to learn something in such a way that you can say it from memory
learned in such a way that you can repeat it from memory:
My father can still recite the poems he learned by heart at school.

By the way
Incidentally
used to introduce a new subject to be considered or to give further information
I think we've discussed everything we need to - by the way, what time is it?
Oh, by the way, my name's Julie.
Catch sb's eye
attract attention
A sudden movement caught my eye.
I tried to catch the waiter's eye, so we could order.
It was the unusual colour of his jacket that caught my eye.
Catch sb's breath
get your breath (back)
Stop and rest
to pause or rest for a short time until you can breathe comfortably or regularly again
I had to stop running to catch my breath.
Come true
become reality
If a hope, wish, or dream comes true, it happens although it was unlikely that it would
I'd always dreamed of owning my own house, but I never thought it would come true.
After all the problems I'd had getting pregnant, Oliver's birth was a dream come true.
Down to earth
practical, reasonable, and friendly:
She's a down-to-earth woman with no pretensions.
After twice of divorces, she is thinking of a down-to-earth view of marriage.
Draw the line
fix a limit
to never do something because you think it is wrong
set a limit on what one is willing to do or accept
to separate one thing from another
I swear a lot, but even I draw the line at saying certain words.
You can make as much noise as you want, but I draw the line at fighting.
It's hard to keep young people under control, but you have to draw the line somewhere.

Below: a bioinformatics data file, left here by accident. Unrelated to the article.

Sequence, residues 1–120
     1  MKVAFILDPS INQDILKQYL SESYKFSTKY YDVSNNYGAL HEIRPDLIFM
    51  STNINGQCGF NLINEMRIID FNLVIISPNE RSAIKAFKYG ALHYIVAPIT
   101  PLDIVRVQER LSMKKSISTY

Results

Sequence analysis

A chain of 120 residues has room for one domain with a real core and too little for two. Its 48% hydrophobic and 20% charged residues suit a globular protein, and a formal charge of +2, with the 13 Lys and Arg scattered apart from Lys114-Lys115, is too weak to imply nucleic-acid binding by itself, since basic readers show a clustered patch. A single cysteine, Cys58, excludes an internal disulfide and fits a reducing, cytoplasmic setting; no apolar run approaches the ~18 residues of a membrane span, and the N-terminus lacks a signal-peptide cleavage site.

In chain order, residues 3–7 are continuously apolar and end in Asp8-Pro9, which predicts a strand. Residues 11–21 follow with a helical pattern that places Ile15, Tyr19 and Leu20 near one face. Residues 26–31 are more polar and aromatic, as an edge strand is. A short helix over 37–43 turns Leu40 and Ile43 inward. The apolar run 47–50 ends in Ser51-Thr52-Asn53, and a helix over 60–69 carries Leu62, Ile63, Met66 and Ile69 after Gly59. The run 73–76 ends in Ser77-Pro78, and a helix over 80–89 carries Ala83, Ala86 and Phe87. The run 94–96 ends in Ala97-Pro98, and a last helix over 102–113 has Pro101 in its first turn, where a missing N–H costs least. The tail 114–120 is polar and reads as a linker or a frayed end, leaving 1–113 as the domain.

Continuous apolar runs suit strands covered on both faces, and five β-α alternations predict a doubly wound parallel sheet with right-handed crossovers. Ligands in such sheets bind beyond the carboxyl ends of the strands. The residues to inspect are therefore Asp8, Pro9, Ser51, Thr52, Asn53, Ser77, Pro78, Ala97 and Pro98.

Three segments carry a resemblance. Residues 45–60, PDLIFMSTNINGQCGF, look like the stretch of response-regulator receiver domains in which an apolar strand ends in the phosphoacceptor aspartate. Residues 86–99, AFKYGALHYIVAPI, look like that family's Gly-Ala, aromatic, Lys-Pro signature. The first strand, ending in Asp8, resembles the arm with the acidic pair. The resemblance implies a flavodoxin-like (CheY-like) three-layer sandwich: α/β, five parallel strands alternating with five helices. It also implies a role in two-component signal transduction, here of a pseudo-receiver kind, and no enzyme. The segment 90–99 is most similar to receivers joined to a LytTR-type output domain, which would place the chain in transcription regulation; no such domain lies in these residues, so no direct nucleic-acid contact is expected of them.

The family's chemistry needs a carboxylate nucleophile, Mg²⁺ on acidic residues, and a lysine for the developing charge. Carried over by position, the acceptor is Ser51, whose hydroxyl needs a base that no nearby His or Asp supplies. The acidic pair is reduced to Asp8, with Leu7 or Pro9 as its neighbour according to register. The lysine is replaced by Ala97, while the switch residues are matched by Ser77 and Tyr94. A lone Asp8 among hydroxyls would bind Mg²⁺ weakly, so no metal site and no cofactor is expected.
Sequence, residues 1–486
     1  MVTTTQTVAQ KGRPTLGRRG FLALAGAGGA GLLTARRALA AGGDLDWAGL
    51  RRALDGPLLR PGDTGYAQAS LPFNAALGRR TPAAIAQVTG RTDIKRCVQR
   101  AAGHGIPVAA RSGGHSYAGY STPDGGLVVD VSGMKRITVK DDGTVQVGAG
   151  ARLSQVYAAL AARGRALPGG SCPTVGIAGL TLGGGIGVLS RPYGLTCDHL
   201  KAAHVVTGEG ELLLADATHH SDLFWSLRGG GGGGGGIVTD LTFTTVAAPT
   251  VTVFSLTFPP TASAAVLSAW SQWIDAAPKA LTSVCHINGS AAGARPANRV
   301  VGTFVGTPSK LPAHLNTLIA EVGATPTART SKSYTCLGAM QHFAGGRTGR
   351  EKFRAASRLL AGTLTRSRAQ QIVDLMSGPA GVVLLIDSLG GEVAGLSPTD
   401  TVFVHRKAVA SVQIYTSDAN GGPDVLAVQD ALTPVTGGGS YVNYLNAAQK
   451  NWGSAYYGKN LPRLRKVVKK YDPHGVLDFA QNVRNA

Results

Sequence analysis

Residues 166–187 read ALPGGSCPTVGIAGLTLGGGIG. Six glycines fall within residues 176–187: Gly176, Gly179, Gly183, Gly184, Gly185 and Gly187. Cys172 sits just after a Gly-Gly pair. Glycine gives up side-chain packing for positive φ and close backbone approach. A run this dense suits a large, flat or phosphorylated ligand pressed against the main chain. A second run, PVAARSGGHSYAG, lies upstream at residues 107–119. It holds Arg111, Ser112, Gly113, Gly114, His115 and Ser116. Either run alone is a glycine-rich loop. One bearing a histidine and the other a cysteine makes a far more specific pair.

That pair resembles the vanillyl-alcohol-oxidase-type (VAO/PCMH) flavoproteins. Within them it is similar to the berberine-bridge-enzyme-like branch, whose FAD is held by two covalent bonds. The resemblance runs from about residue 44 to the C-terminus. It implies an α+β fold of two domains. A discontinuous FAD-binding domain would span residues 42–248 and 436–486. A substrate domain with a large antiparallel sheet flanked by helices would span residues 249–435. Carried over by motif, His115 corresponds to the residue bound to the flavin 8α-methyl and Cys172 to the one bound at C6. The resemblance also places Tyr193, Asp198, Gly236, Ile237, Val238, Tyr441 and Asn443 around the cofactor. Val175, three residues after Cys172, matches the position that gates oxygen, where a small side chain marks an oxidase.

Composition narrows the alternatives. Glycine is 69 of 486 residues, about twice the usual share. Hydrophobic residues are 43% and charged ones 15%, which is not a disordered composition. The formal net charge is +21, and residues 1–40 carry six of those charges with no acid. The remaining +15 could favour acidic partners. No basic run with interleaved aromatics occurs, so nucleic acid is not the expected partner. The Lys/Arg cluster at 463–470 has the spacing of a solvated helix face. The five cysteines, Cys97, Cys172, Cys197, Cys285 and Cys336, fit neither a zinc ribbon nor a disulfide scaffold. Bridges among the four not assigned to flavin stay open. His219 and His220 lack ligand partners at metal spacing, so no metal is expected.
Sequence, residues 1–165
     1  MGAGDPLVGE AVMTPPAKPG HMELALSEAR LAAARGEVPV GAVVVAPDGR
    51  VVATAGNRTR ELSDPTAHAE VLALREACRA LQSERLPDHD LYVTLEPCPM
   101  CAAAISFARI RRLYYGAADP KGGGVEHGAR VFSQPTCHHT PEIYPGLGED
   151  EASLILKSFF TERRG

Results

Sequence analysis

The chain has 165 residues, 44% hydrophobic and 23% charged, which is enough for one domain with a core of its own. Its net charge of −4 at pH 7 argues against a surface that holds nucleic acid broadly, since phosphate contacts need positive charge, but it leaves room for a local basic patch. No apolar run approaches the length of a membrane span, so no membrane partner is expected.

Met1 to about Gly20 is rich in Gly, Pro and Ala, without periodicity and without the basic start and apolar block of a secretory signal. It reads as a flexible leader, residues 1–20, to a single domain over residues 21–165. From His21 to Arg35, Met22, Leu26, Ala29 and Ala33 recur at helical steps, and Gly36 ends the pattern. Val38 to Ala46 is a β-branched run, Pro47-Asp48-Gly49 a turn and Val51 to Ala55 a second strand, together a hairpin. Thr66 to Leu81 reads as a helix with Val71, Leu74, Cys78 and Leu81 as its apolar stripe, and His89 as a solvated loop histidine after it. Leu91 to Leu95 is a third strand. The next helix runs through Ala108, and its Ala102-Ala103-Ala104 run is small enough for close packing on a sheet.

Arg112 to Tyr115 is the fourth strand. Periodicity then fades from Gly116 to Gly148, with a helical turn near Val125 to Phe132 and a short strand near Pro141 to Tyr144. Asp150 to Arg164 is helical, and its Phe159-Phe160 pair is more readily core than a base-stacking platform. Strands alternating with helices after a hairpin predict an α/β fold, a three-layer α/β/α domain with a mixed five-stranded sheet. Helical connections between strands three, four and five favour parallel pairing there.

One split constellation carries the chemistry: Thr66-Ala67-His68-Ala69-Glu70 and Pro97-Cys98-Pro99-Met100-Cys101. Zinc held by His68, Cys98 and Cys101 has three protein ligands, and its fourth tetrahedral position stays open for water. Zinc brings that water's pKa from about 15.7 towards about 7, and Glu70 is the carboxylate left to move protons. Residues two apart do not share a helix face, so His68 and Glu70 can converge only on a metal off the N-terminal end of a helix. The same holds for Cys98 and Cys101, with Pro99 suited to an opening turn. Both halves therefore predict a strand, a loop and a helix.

It's not clear where this author draws the line between fact and fiction.
Even so
Nevertheless (tuy vậy), but
despite what has just been said
mặc cho cái gì đó vừa được nói ra
I had a terrible headache, but even so I went to the concert.
An immediate interest cut might give a small boost to the economy. Even so, any recovery is likely to be very slow.
Feel up to (doing) something
Be able to do something
to have the energy to do something
I don't feel up to going out tonight.
Few and far between
rare, scarce
not very many or not appearing very frequently
Sunny, warm weekends have been few and far between this summer.
For good
Forever
She's gone and this time it's for good.
From now on
Now and in the future
from this moment and always in the future
From now on the gates will be locked at midnight.
Get cold feet
Be afraid to do
to suddenly become too frightened to do something you had planned to do, especially something important such as getting married
We're getting married next Saturday - that's if Trevor doesn't get cold feet!
I'm worried she may be getting cold feet about our trip to Patagonia.
Get mixed up
Get confused
upset, worried, and confused, especially because of personal problems
He's just a mix-up kid.
Had better
should
If you had better/best do something, you should do it or it would be good to do it
I'd better leave a note so they'll know I'll be late.
Hold it!
Stop! Wait!
used to tell someone to wait or stop doing something
Hold it! I don't have my coat on yet.
Hold it! What are you saying?
Hold on (a minute)!
Wait!
- used to tell someone to wait for a short time
- used to say that you are confused or surprised by something that you have just heard or read and want to understand it
Hold!
to hold something or someone firmly with your hands or arms
"Are you ready?" "No, hold on."
Hold on, I'll check in my diary.
Now hold on, Ed, that wasn't what we agreed at all!
She held on tightly to his waist.
Hepefully, you could learn and practice these collocations as much as possible. Good luck!